Step-by-Step Guide To Electing S-Corp Status

Forming an S corporation?

Here’s your step-by-step guide to the timely and proper filing of Form 2553 for a new corporation.
(Click here for our Corporate Formation Checklist.)

When forming a corporation, you must complete Form 2553 “Election by a Small Business Corporation,” and send it to the IRS. The purpose of this form is to state that the entity wishes to be an S corporation.

Note that the form must be filed in a “timely” manner, which means, for a new corporation within 75 days of formation.

You can find the form here:

Instructions from the IRS are here:

If you would like to speak to an attorney to answer questions about the process, or need help seeking relief for a late filing, please contact me.

Part 1

Name: This is the name of the corporation. Choosing a name can be complicated, so you’ll want to read my article about it if you haven’t already registered your corporation’s name.

Address: The mailing address of the corporation. It doesn’t necessarily have to be the address where you do business.

Employer Identification Number: If you don’t already have an Employer Identification Number, you’ll need to apply for one. If you do it online at, you will be issued an EIN on the spot.

Date incorporated and State of incorporation: If you don’t know the date of incorporation, you can find it on your articles of incorporation, or in California on the secretary of state’s website?

Item D: If you have changed your corporation’s name and/or address after you applied for an EIN, you’ll need to mark this box. If not, you can just leave it blank.

Item E: For a new corporation, this will be the date of incorporation. Remember, for new corporations, you need to file Form 2553 no later than 75 days after the formation of your corporation.

Item F: With a few exceptions, you’ll usually want to select option 1, “Calendar Year.” Again, you may want to speak with an attorney or tax professional about whether another option is right for you.

Item G: Generally, an S corporation should not have more than 100 shareholders, so you’ll almost always leave this section blank. There is an exception to the 100-shareholders rule if several of the shareholders belong to the same family. Below are the ways to count family members as one shareholder:

  • An individual and his or her spouse (and their estates) can be counted as one shareholder.
  • All members of a family (and their estates) can be counted as one shareholder. The term “members of a family” means a common ancestor, any lineal descendant of such common ancestor, and any spouse or former spouse of such common ancestor or any such lineal descendant.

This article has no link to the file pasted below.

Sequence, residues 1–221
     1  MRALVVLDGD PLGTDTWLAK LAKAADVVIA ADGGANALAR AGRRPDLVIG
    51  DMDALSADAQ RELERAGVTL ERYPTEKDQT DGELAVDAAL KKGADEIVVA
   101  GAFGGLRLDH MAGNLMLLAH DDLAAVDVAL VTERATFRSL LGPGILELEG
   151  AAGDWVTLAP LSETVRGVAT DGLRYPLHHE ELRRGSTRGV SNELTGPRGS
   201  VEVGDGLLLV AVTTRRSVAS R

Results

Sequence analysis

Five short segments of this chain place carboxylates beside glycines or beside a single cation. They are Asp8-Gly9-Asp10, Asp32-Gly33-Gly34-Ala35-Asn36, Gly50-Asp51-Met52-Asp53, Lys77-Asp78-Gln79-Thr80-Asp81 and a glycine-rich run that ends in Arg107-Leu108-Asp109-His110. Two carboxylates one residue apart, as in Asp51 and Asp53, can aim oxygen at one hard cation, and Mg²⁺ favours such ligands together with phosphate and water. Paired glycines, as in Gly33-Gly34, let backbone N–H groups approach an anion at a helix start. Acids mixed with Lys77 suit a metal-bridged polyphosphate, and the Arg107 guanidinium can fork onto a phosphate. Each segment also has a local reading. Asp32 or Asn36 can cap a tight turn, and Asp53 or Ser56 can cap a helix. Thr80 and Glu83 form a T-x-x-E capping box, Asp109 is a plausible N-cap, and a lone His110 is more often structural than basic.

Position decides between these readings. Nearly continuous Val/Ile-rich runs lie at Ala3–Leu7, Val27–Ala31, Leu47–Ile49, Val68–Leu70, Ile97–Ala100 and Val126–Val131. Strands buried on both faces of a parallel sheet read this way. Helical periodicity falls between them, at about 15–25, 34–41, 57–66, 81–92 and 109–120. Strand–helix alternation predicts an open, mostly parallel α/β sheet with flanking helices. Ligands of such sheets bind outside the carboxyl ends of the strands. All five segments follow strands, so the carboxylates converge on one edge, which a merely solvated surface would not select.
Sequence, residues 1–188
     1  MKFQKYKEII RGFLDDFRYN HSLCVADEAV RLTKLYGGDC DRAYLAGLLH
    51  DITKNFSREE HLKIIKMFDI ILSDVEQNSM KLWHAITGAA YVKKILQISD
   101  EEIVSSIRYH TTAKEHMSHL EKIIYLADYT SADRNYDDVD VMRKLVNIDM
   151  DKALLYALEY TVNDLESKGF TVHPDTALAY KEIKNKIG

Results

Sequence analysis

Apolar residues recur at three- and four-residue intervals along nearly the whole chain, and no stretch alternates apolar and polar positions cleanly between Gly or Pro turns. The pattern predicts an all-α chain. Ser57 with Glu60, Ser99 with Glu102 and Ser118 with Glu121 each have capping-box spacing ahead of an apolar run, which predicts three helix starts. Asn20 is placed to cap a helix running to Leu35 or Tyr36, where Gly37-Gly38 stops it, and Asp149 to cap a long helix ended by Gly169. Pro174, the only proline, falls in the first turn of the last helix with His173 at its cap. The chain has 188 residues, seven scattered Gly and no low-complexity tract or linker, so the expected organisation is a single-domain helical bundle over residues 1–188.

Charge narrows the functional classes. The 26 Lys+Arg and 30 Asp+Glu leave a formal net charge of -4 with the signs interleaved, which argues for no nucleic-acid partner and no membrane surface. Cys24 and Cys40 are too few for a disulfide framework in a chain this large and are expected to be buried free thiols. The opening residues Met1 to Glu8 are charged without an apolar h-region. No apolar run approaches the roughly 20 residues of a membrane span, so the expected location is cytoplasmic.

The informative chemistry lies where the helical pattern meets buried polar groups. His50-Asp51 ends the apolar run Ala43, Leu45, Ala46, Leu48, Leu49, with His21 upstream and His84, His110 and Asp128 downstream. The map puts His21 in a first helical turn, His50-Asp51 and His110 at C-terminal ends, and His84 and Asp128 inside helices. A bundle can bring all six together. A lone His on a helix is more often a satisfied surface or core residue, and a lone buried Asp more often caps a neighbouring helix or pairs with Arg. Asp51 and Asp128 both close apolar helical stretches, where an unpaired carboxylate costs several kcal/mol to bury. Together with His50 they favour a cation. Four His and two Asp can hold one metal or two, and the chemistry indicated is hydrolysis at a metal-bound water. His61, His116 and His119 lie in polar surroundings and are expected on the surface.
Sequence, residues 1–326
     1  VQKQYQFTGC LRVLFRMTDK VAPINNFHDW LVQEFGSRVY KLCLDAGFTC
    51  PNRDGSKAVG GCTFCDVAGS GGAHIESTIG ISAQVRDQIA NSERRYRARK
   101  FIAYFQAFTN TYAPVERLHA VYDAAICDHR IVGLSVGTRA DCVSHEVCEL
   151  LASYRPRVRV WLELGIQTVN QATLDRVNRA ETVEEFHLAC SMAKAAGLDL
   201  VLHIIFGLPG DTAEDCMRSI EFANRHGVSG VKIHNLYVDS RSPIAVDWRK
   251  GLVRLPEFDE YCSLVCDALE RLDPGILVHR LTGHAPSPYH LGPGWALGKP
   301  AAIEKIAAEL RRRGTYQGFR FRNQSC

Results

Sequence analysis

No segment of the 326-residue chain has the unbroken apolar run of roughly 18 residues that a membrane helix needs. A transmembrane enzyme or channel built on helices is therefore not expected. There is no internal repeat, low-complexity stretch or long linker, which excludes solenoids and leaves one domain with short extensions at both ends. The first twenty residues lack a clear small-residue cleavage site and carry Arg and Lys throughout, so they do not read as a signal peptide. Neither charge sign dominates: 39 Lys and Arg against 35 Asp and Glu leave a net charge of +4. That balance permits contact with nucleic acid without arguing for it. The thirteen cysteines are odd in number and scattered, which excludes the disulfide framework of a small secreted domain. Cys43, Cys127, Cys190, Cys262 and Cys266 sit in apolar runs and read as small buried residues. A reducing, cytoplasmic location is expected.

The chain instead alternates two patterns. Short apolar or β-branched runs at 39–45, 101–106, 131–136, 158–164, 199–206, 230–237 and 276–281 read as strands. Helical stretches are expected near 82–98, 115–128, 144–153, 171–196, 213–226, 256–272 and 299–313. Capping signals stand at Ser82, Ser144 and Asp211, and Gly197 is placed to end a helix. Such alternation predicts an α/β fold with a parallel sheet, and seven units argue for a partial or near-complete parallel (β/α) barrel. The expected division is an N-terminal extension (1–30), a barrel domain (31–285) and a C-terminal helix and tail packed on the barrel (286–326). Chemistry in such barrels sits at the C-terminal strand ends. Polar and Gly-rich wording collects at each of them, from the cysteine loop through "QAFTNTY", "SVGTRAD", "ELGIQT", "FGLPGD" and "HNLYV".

For example, if a corporation has 101 shareholders, but two of them are married to each other, you can count them as a single shareholder, giving you 100. Similarly, if you have 101 shareholders, but three of them are sisters, you can claim to have only 99 shareholders for the purposes of this item.

Items H and I: Enter the name and title of one of the corporation’s officers, such as the president, vice president, treasurer, assistant treasurers, chief accounting officer, or any other officer authorized to sign. This person must sign and date the bottom of page 1.

Part I continued: Election Information

Column J: Generally for a new corporation, everyone who is a stockholder needs to be listed in one of the rows on column J. However, if you’re filing before the effective date, this section only needs to include the current shareholders, who will own stock on the day the election is made. If you’re filing on or after the election date, you will also need to include any former shareholders who owned stock in the interim. For example, if your effective date is January 1, and you are filing January 31, you need to include everyone who held stock between January 1 and January 31.

Column K: Each shareholder needs to sign and date in column K. If a shareholder and his or her spouse have a community property interest, both must sign. Each shareholder’s signature represents his or her consent to elect S corporation status.

Column L: Enter the number of shares, or the percentage owned and the date they were acquired.

Column M: List the social security number or EIN of the person named in column J.

Column N: Generally, taxpayer’s tax years end on December 31; check with each person or entity in column J, or their accountant to confirm.

Large Number of Shareholders

If you have too many shareholders to list on this page, you can attach a separate document with their information. Make sure it contains the following columns:

  • Name and address
  • Consent statement (signature and date)
  • Number of shares (or percentage)
  • Date acquired
  • Social security number (or EIN)
  • Tax year

List the number of shares (or percentage) that each shareholder has on the date of the filing, and the date they were acquired in column L. If any former shareholders are listed, enter their number of shares as 0.

Skipping Part II

You don’t need to complete this section if you checked option 1 “Calendar Year” for your Selected Tax Year in Item F (on page 1). You can also skip it if you selected option 3: 52-53-week year ending with reference to the month of December.

Skipping Part III

Part III can be skipped unless you are a QSST.

Skipping Part IV

If you are new corporation filing in a timely manner, that is, within 75 days of formation, you don’t need to complete Part IV.

The bottom line

All though these instructions generally hold true, you may want to talk to an attorney to make sure you have properly filled out the form, or have an attorney do it for you. Once the form is complete it can be mailed or faxed to the IRS. Be sure to use the appropriate address or fax number.

2017-09-26T17:02:22+00:00 March 17th, 2016|

About the Author:

Mathew Auric
Mathew Auric is an attorney licensed to practice law in California.